On Becoming a Pedagogist: Brief Thoughts on Pedagogical Documentation

In January 2020, we gathered together with a group of pedagogists for three days to intensify our attention towards pedagogical thought and curriculum making, and to enrich the possibilities for the role of the pedagogist. To do this, we created a series of pedagogical and curricular processes that enabled us to collectively and actively think with the concepts and metaphors that shape the pedagogists’ emerging understandings of their role. We also invited a poet, a photographer and a visual artist to intersect their artistic processes with our thinking, as well as share their work, metaphors, and interests. Through these encounters, our interests and intentions were to intensely enact interpretative and trans-formative practices.

During the gathering, we created spaces for provocative and collective thinking and doings, carefully documented these thinking and doings, and curated provisional narratives that propelled further thinking and doings. We submerged ourselves in collective listening through visual note taking, photographing and videotaping the different processes, projecting those images on the walls, writing detailed individual fieldnotes, and sharing and collectively interpreting fieldnotes1. These different trajectories moved us to create the documentation below.

In the documentation and during the gathering, we used the metaphors of stitching, as acts that form and deform pedagogical and creative processes. Pedagogists placed their pedagogical energy in the processes of collectively making and doing, inserting something that is threaded by a living memory within a present. For us, stitching was not only a language to think pedagogy. It was also a way to: thread some of the loose ends that remained from a year of virtual meetings, make a mark in our collective (and challenging) journey, and create new lines to bring texture to our dialogues, and insist on what emerges as significant. In other words, stitching gave way to ‘compose around the specificities of becoming a pedagogist.’ Inspired by textile artist Susan Brandeis (2019), stitch by stitch, mark by mark and line by line, we created contours and temporary outlines to our collective and pedagogical orientations:

Lines that bend or curve with sufficient angle or curvature, or overlap in their pathways, eventually cross and enclose space, forming shapes distinguishable from the surrounding space. Each shape has expressive potential, largely determined by the combination of its external boundary (outline or contour) and its interior markings, shadings, or coloring (fill).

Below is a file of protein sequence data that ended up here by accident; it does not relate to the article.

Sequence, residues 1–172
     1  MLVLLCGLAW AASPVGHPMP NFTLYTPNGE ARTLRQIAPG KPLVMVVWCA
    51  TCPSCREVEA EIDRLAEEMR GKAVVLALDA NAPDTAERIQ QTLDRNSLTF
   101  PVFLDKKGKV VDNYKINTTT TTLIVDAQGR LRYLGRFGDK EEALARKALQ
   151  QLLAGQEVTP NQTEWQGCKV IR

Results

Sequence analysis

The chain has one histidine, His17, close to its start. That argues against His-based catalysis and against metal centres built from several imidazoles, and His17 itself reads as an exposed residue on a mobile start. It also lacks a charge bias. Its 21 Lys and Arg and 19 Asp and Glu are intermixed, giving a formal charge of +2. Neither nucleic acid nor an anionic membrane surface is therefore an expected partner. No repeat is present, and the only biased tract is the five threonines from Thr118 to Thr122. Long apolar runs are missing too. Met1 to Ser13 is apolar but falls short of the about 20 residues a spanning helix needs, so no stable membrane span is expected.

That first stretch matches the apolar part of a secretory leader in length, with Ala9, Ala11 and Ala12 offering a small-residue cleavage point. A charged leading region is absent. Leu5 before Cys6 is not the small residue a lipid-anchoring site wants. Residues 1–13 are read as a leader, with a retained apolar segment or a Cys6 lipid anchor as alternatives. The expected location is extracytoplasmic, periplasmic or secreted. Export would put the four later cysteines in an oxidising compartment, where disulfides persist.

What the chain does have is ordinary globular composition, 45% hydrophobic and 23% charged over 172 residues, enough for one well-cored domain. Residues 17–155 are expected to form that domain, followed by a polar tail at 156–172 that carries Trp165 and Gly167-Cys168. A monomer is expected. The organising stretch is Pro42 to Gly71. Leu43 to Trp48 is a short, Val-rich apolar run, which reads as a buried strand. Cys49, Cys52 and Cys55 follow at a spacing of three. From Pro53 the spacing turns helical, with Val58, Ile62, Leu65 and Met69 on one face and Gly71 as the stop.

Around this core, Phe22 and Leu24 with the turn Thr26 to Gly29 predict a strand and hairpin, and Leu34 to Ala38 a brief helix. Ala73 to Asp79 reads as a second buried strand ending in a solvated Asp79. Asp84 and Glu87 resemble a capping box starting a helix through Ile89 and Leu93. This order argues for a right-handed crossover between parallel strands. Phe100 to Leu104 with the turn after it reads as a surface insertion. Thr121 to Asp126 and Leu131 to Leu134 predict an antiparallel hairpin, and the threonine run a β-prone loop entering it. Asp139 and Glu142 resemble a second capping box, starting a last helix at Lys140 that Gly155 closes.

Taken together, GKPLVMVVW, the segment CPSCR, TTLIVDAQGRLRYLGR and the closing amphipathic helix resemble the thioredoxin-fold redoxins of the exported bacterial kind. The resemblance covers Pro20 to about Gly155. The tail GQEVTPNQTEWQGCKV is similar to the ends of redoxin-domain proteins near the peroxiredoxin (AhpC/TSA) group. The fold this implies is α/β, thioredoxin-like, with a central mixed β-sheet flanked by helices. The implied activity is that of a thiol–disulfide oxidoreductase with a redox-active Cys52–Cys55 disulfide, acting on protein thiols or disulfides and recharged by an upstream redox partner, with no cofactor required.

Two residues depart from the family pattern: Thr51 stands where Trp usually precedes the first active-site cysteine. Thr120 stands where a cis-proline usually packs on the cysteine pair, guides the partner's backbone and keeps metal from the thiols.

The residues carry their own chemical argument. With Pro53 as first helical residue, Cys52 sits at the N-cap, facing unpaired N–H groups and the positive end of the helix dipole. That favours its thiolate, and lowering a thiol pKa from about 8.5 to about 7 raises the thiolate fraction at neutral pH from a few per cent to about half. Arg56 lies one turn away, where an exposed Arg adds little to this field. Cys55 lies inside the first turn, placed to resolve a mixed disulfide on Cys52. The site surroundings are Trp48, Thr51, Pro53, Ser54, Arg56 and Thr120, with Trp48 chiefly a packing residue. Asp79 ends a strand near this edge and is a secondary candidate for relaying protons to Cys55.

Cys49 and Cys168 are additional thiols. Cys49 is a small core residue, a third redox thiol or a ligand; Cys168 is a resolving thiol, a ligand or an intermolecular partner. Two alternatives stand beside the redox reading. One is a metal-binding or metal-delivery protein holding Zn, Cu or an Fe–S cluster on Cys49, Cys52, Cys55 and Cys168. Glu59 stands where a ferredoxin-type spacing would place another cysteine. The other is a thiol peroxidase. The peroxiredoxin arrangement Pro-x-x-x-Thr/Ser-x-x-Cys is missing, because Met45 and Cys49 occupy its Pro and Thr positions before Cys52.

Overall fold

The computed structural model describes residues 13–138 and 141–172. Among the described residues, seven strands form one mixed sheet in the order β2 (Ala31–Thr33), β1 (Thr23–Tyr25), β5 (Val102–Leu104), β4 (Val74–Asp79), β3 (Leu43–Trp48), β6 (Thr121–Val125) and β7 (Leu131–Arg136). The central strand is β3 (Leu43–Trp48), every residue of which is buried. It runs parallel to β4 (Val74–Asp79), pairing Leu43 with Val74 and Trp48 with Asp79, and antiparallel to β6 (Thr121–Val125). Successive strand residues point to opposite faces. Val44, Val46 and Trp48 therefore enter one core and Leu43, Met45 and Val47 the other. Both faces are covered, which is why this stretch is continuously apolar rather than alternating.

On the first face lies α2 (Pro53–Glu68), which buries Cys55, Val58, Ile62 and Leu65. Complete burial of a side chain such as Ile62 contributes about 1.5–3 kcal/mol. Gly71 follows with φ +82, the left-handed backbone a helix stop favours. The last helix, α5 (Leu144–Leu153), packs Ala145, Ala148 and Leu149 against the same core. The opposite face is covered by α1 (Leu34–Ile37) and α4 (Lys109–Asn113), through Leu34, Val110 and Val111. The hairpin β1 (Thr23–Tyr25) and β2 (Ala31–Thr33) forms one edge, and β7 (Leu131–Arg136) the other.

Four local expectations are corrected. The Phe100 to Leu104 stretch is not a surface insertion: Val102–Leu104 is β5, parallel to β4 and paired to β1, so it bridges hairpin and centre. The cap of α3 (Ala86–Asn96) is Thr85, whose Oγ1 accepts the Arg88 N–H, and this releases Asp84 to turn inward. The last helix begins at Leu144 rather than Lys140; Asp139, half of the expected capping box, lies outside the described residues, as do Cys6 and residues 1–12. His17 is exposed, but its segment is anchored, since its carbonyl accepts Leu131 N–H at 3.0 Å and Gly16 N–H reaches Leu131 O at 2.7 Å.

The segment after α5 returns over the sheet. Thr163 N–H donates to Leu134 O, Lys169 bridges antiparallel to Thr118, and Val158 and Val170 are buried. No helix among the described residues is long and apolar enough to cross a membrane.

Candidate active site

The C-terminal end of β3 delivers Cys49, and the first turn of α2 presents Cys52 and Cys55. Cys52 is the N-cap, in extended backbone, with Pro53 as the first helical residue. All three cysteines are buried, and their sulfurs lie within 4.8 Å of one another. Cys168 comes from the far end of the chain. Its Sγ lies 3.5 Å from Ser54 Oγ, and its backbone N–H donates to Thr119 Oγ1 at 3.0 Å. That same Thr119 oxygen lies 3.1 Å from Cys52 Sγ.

(p. 101)
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Digital documentation design by Tatiana Zakharova and Malvika Agarwal

We approach the practice of pedagogical documentation as the driving force of inquiry and curriculum making. As a practice, documentation is shaped by a generative and ongoing dynamic between the traces of what we have defined as pedagogically significant within a process (Rinaldi, 2005), and the different propositions ideated on the basis of that which we found significant. In other words, as pedagogists engage in pedagogical documentation, they are moved by a set of pedagogical questions, concerns and orientations that help discern and give value to what happened at the same time that they propel into cultivating new forms of knowing, acting and living (through questioning, experimenting, fabulating, enacting, inventing trying out, daring, figuring out, stumbling to name a few). Hence pedagogical documentation is both retrospective and prospective.

The retrospective aspect of documentation, as Italian pedagogista Carla Rinaldi notes, can sometimes be misunderstood as a representation of what happened. However, pedagogical documentation is not simply a final narrative of what was done; it is instead a narration of the different trajectories and processes that are thought through and partially interpreted.

The prospective aspect of documentation engages the practice of projecting via ideation. The intention is to purposefully activate certain ideas/possibilities through material, interpretative and speculative processes of curriculum making. Acts of ideation compose situations that stich something different in the curricular fabric of an early childhood centre. Pedagogists ideate because they are pedagogical projectists (a translation from “progettisti in Italian) who are interested (as being in the midst of things) in curriculum making as that which enables new and alternative relational fields (ones that are less based in managerial logics, less human centric and less individualistic).